Did I really need to buy 3 handbags last weekend? Oh dear…
Africa Expat Stereotype – The Craft Market.
Tana has booked a stand at this year’s craft market but is already on non-speakers with organiser Beth, after the latter refused to give Tana a discount on the astronomical price of hiring tent space for the weekend. This news was particularly galling since they are friends who go to the same book club together. However, Beth is unbending.
“Business is business and there are many others who will take the tent if you don’t. Kate from Safari Stuff and Geoff at Canvas Essentials have both been begging for space for months. As it is, they’ll probably have to be squeezed in next to the port-a-loos again and they are not going to be happy.” Beth says with authority, tapping her clipboard as Tana rolls her eyes.
Tana has put together an eclectic ‘safari luxe’ collection that includes wrought iron loo-roll holders decorated with welded-on flowers, skirts made of local African kanga fabric, various bead necklaces slung over white washed wooden candle sticks. Most prices start at around the 10,000 Kenya shillings mark (£80) but she might bump everything up once she’s sent a spy into Sarah’s tent next door. Most of Sarah’s home furnishings are made by the exact same ‘side-of-the-road’ fundis (craftsman) that Tana uses. In fact she’s sure that Sarah has copied her candlestick design. Competition for custom is high and Tana has pinned her hopes on this fair financing her ski holiday next year.
Once the fair is in full swing, Beth’s mobile rings. She’s summoned by her security team to the entrance gate. A stallholder complains that her money-belt has been stolen, another customer has lost his phone and as Beth tries to get to the bottom of the problem, she’s interrupted by a older lady wearing a floral smock and Jesus sandals,
“Are you the organiser of all this?” The lady waves her hand across a sea of upmarket tents in a picturesque garden setting, face flushed under a straw hat, “This whole place is far too expensive and not worth the extortionate entrance fee. I hope that some of your profits are going to charity? If not, it’s a disgrace.”
Beth swivels away from the retiree, then attempts to firefight the other crises, by going on the offensive.
“Well, were you hanging on to the bag or had you put it down?” Beth asks, a tad accusingly.
The aggrieved stallholder leaves muttering something about the police. The other chap finds his phone has dropped to the bottom of his shopping bag. Beth notices that he’s had a few and decides she too needs a drink.
Back at Tana’s tent and it’s pretty hectic. Mainly due to the high traffic of friends stopping by armed with cappuccinos and Pimms, lounging on safari chairs inside the tent, gossiping endlessly about various shenanigans going on in Kenya Cowboy life. The scene resembles more of a hoedown than an operating business. Potential customers are loathe to break up the party.
“Did you hear that Flip and Pip have split? And old Woolly has lost his ranch?”
Tana is handed a gin and tonic and can’t help getting drawn in. The worst gossips are vendors from ‘up-country’ who make a weekend of the craft fair, slipping away from their own stalls to chat for hours because they basically are starved of company and up-to-date news.
“How much is this?” asks a bold, mealy faced customer holding out a toilet roll holder. Tana is too busy to respond as she’s trying to catch the eye of Siana, a passing, glamorous TV presenter.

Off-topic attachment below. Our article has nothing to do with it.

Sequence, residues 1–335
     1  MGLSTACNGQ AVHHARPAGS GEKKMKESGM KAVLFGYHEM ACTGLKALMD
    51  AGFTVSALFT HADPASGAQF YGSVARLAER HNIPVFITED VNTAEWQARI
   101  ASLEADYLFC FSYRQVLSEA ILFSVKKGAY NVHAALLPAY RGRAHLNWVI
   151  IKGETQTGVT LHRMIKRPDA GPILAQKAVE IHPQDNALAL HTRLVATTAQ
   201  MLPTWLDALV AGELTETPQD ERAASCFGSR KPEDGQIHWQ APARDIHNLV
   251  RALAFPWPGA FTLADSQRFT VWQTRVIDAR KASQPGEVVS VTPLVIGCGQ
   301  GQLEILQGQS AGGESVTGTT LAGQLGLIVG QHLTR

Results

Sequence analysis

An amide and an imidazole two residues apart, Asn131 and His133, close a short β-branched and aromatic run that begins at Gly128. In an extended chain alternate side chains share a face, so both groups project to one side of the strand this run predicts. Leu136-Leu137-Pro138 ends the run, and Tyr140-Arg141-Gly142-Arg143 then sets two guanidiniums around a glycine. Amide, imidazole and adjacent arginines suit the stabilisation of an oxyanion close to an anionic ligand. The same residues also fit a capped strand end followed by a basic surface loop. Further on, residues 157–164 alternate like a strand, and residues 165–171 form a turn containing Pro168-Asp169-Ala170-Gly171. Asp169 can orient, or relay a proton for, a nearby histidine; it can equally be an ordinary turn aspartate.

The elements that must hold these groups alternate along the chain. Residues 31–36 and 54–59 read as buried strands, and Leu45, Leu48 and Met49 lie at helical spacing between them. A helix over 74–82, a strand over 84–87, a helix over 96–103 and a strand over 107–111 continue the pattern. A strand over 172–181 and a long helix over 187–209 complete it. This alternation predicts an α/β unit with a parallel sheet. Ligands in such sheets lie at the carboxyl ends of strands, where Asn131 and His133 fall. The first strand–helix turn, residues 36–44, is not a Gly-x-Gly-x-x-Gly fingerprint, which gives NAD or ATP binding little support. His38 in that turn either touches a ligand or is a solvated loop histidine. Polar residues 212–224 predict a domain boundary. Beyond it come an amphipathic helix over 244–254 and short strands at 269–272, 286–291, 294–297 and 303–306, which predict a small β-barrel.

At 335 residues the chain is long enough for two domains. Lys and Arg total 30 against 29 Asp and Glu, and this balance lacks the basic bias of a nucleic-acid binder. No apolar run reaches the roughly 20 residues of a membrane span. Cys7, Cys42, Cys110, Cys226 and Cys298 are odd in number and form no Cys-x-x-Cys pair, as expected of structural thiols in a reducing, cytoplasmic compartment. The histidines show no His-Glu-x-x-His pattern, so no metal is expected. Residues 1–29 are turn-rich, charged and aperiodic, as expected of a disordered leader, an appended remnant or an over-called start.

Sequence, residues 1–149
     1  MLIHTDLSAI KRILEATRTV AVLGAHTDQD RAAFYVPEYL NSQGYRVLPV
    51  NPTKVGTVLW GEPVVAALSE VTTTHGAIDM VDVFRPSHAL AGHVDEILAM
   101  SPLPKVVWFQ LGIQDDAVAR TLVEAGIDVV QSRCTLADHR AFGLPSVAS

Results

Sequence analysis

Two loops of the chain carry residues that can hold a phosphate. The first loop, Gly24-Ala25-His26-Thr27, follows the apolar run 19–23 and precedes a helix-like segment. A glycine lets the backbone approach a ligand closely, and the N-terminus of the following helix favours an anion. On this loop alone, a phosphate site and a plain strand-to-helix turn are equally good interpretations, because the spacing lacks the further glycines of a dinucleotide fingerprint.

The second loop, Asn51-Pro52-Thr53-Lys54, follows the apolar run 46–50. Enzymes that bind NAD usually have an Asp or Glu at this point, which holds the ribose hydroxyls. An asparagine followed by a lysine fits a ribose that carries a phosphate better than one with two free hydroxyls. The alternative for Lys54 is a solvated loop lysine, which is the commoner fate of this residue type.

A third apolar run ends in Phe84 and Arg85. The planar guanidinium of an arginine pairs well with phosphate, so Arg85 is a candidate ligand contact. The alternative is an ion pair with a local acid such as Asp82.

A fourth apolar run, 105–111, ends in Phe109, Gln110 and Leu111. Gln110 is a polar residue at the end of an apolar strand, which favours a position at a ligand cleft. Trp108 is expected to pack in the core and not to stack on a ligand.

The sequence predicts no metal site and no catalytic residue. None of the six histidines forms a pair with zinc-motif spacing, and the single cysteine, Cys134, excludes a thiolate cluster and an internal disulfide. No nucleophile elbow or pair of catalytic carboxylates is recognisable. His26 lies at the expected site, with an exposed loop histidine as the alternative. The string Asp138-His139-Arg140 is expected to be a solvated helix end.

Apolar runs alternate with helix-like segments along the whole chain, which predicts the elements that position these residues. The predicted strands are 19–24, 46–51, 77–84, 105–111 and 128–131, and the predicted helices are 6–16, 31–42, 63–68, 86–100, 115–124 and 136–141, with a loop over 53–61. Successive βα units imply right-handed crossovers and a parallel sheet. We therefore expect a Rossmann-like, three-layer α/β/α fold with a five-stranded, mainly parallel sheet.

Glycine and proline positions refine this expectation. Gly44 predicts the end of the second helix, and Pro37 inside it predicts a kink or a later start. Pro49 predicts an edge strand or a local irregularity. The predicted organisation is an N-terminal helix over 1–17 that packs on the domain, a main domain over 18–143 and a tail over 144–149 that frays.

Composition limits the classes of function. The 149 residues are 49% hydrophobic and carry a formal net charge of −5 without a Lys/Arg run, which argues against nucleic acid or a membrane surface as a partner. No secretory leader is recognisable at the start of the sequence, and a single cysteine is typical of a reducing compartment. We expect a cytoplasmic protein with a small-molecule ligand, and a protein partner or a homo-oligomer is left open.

“Oh Siana, hi!” Tries Tana, stepping out of her tent hopefully with a wave. But Siana, unhearing, wafts on by amid a group of young bearded male admirers who are decked out in Indian cotton floral shirts, laughing at all her jokes.
The fact is, Tana tends not trouble herself with price tags in her own tent. This is a strategic move in order to lure potential shoppers without having them balk at her high prices. This also gives Tana a certain amount of flexibility with her pricing, although the constant interruption by customers asking how much things are is such a bore. Tana did once organise more help with her stall but getting her brother to help was absolutely hopeless. All he did was take off to get plastered with his mates in the beer tent, then at the end of it all insisted on collecting a commission.
Somehow the day passes and it’s time to go home. Scratchy and exhausted, Tana makes a point of seeking out Beth to tell her that the tent has been like an oven, customer numbers are markedly down and the venue is not nearly as good as last year’s. Beth, still wielding her clipboard, is not in the most accommodating of moods. Earlier in the afternoon, two parking attendants disappeared on a tea break leaving the road to back up with traffic, just as the local police arrive to look into a certain handbag theft. Unraveling that mess took all of Beth’s skills in diplomacy.
By the end of the weekend, Tana has sold most of the kitenge (African print) miniskirts that she has been modelling all weekend (after all, she does have nice legs) but overall sales are not good and the skiing holiday will have to wait. At least the fair wasn’t a wash-out like last year when torrential rain ruined half her stock. Tana cried over the unsold destroyed leather and cowhide beanbags for two days. Fortunately the weather over this weekend stayed relatively dry (apart from one faintly catastrophic downpour); however the atmosphere at book club will definitely remain frosty.
Featured Image: Crafts and Markets
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